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dc.contributor.advisorOosthuizen, Frasia.
dc.contributor.advisorBangalee, Varsha.
dc.creatorNdlovu, Garnet.
dc.date.accessioned2020-12-21T14:59:36Z
dc.date.available2020-12-21T14:59:36Z
dc.date.created2020
dc.date.issued2020
dc.identifier.urihttps://researchspace.ukzn.ac.za/handle/10413/19015
dc.descriptionMasters Degree. University of KwaZulu-Natal, Durban.en_US
dc.description.abstractObjective Reporting of adverse drug reactions (ADRs) in Namibian public health facilities is routinely done through safety yellow forms which are forwarded to the Therapeutics Information and Pharmacovigilance Centre (TIPC) for further assessment and possible interventions. This study investigated the awareness and knowledge of healthcare practitioners (HCPs) regarding the ADR reporting system in the country. Methods A cross-sectional study was conducted via a self-administered questionnaire at two state hospitals in Namibia; one located in the Khomas region and the other located in the Hardap region. The questionnaire was distributed to HCPs in current practice dealing directly with medication and it included a combination of open-ended, closed-ended and multiple-choice questions. Questionnaires were distributed in hard copy form during the period of 1 October 2019 up until 15 December 2019. Data was coded and transcribed into Microsoft® Excel® 2016 and analysed with SPSS® for IOS version 24. Results One-hundred and three completed questionnaires were received. Sixty-eight percent of the respondents were nurses, 24.3% were medical doctors and 7.8% were pharmacists. The majority of HCPs (73.8% and 56.3% respectively) were able to define the terms “adverse drug reaction” and “pharmacovigilance” correctly while only 41.7% correctly defined “spontaneous reporting”. The majority of HCPs (60.2%) have identified an ADR in practice; however only 36.9% reported this following the approved process. Only 48.5% of HCPs were aware of the safety yellow form for ADRs and 63.1% of HCPs did not know where to obtain the form. Furthermore only 37.9% of HCPs knew the name of the drug regulatory authority in Namibia. Conclusion Awareness and knowledge of ADR reporting systems by HCPs in Namibia is insufficient. While HCPs deem it necessary to report ADRs, reporting is unacceptably low leading to serious concerns regarding continuous monitoring of drug safety. Pharmacists showed better awareness compared to other HCPs and can, therefore, be best utilised as focal points in pharmacovigilance protraction. Mass awareness programs by the TIPC and other stakeholders need to be established to expand pharmacovigilance among HCPs.en_US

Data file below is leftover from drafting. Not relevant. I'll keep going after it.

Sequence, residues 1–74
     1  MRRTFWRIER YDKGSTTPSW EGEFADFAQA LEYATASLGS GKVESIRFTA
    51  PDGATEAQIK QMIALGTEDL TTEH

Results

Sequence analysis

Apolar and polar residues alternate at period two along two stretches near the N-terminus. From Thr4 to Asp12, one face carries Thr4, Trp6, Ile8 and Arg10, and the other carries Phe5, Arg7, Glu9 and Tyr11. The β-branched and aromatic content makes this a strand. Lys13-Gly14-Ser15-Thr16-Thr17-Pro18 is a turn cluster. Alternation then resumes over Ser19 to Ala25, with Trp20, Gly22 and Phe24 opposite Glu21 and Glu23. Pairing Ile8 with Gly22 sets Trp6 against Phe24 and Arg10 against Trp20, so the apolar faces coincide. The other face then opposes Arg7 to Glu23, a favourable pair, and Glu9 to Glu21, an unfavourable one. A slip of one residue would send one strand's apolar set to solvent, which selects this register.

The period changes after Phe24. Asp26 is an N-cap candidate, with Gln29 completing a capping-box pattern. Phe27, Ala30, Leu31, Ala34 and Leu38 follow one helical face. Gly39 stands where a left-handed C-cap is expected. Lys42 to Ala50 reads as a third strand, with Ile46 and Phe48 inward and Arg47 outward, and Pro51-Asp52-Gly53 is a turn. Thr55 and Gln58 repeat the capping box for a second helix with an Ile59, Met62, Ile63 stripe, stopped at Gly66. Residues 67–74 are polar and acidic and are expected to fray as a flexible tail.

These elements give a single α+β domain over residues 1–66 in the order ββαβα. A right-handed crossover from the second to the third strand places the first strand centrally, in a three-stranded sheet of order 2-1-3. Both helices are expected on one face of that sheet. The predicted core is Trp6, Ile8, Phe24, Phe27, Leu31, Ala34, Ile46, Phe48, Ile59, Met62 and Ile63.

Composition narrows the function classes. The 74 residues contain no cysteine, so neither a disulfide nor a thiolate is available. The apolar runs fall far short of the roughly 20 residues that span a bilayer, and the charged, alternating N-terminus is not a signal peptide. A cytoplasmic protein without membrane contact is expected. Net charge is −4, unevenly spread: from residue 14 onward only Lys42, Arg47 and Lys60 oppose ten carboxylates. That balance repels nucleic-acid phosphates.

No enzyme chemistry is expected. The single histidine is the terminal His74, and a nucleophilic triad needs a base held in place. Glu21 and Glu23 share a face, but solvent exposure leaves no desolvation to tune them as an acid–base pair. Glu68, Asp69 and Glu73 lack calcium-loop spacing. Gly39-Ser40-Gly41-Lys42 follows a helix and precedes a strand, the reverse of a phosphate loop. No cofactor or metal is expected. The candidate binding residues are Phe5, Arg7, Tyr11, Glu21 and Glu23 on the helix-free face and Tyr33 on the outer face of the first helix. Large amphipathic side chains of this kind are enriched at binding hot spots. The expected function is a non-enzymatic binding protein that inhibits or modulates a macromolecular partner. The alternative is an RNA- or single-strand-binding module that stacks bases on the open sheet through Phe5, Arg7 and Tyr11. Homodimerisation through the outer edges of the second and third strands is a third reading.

dc.language.isoenen_US
dc.subject.otherAdverse drug reactions - awareness and reporting - healthcare professionals - Namibia.en_US
dc.subject.otherPharmacovigilance - Namibia.en_US
dc.subject.otherAdverse drug reactions - knowledge - healthcare professionals - Namibia.en_US
dc.subject.otherDrug safety - Namibia.en_US
dc.titleAwareness and knowledge of doctors, pharmacists and nurses on adverse drug reaction reporting systems in Namibia.en_US
dc.typeThesisen_US


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